We often quote the teaching from the Talmud that "all Jews are responsible one for the other." It's at the core of Jewish social ethics. But why are we all responsible for each other? I think that it's hard, in this day and age, to remember that we Jews really are all part of one giant family. My trip to Cuba helped to remind me of this essential lesson.
What to say about our visit to Cuba in general?
It wasn't the totalitarian state that I expected. There weren't armed guards on every corner. Who knows - maybe this blog was monitored, and maybe my phone calls were being listened to? But I certainly didn't feel it during the visit.
The political propaganda was a problem. Castro says that he is opposed to the cult of personality that is associated with someone like Stalin. But the reality is that Castro's face is plastered on practically every billboard in the country. And the rest of the leaders of the Revolution (Che, Camilo, Raul) all have their own iconagraphy plastered on the sides of buildings and monuments throughout the country.
What about the question of poverty?
Frankly, we didn't see it as much as I expected.
For a country where the average citizen supposedly is paid (officially anyway) only about $15/month, starvation/hunger wasn't something that we witnessed directly. There weren't even as many beggars as we expected.
But it's impossible to know if the Cubans that we came into contact with represented the average or not. (The Jews we met are supported by groups like our's as well as international Jewish orgs. And the Cubans that we met in tourist related places are supposedly better paid than the average Cuban.)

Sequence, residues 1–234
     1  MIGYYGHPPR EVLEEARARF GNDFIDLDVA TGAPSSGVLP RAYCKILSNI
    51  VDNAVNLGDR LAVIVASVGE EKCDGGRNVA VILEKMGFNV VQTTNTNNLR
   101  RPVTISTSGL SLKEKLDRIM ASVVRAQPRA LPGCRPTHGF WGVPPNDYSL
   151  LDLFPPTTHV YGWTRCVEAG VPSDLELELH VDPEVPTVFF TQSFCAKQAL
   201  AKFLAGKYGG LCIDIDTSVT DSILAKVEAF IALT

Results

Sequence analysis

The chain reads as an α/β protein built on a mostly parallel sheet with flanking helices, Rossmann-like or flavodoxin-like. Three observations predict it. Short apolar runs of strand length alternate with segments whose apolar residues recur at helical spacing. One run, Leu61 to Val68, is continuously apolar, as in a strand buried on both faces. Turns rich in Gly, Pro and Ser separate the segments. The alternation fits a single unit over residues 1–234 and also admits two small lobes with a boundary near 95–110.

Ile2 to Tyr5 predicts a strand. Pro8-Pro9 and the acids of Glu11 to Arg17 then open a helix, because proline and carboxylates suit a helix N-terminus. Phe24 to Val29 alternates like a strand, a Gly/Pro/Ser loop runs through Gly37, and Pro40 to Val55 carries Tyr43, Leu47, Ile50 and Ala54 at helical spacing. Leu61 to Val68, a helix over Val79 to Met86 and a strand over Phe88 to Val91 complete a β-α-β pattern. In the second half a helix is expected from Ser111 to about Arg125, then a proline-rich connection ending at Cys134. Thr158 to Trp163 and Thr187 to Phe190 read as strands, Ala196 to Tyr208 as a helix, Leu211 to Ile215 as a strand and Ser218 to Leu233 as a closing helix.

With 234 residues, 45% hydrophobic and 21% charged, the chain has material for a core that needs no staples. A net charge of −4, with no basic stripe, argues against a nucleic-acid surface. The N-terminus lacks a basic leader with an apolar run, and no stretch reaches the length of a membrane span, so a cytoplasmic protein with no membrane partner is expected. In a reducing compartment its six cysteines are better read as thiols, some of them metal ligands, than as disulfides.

You know...on one of our bus trips, Jorge brought a DVD documentary along: "The Lost Son of Havana" - the story of Boston Red Sox pitcher Luis Tiant, and his return to Cuba after being away for decades. It's an excellent film. I highly recommend it.
At the very end of the film, as he is preparing to return to the US, his relatives finally break down in front of him, and admit that they are suffering from terrible, terrible poverty. One whispers to him: "We are surviving day to day on cigarettes." (The ration system that is in place to make sure that a minimal amount of food is available to every Cuban does not nearly meet people's basic needs.)
Tiant is overwhelmed by their vulnerability, and assures that family that he will do what he can to financially assist them, even after he leaves.
That scene, filmed only two or three years ago, really made an impact on me. Surviving day to day on cigarettes. That is, frankly, the kind of poverty that I was expecting to see during the trip.
We didn't, really.
And I'm not sure if that's because it really isn't that bad. Or if it's because our itinerary never really took us beyond what the government would prefer that we see.